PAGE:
Financial instability, political crises and contagion
This paper studies banking liquidity crises under the assumption that the government may have private benefits in bailing-out a collapsing banking sector for reputation concerns. This political distortion feeds political uncertainty, as citizens may not agree with a bailout decision and overthrow the government. This paper shows that higher political uncertainty increases both fînancial and political instabilities as it enlarges the set of parameters for which bank runs and the dismissal of the government are optimal. Higher political uncertainty may stern from the occurrence of a politico-financial crisis in another similar country. Contagion takes place if citizens update their beliefs on the type of their government. Doing so, they may reinforce their beliers that the government is self-interested and bank bailouts are not socially optimal.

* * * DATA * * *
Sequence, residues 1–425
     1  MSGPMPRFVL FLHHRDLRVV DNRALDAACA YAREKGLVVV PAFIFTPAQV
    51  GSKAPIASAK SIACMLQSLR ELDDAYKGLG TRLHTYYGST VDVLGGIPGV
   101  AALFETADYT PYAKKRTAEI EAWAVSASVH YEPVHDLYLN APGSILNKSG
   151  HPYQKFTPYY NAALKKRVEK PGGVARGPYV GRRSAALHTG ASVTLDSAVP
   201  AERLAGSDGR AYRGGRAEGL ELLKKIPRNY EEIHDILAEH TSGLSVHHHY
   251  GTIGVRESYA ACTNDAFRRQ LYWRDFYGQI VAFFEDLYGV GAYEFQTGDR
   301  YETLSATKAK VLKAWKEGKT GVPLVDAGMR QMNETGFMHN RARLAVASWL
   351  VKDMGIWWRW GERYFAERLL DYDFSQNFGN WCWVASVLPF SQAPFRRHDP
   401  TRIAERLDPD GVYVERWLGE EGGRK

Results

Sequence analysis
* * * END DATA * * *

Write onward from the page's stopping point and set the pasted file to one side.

|Date of creation:||01 Dec 2007|
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- Giancarlo Corsetti & Paolo Pesenti & Nouriel Roubini, 1998.
"Paper Tigers? A Model of the Asian Crisis,"
NBER Working Papers
6783, National Bureau of Economic Research, Inc.
- Douglas W. Diamond & Philip H. Dybvig, 2000.
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Federal Reserve Bank of Minneapolis, issue Win, pages 14-23.
- Roberto Chang & Andres Velasco, 2001. "A Model of Financial Crises in Emerging Markets," The Quarterly Journal of Economics, Oxford University Press, vol. 116(2), pages 489-517.
- Giannetti, Mariassunta, 2003. " Bank-Firm Relationships and Contagious Banking Crises," Journal of Money, Credit and Banking, Blackwell Publishing, vol. 35(2), pages 239-261, April.
- Burnside, Craig & Eichenbaum, Martin & Rebelo, Sergio, 2004. "Government guarantees and self-fulfilling speculative attacks," Journal of Economic Theory, Elsevier, vol. 119(1), pages 31-63, November.
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